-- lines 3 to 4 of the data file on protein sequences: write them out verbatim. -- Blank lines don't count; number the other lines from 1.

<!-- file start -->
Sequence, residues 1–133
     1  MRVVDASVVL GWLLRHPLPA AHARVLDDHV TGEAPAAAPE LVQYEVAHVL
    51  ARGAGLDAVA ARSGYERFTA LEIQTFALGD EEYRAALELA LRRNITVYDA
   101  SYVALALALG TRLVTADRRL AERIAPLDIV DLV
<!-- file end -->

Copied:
    51  ARGAGLDAVA ARSGYERFTA LEIQTFALGD EEYRAALELA LRRNITVYDA
   101  SYVALALALG TRLVTADRRL AERIAPLDIV DLV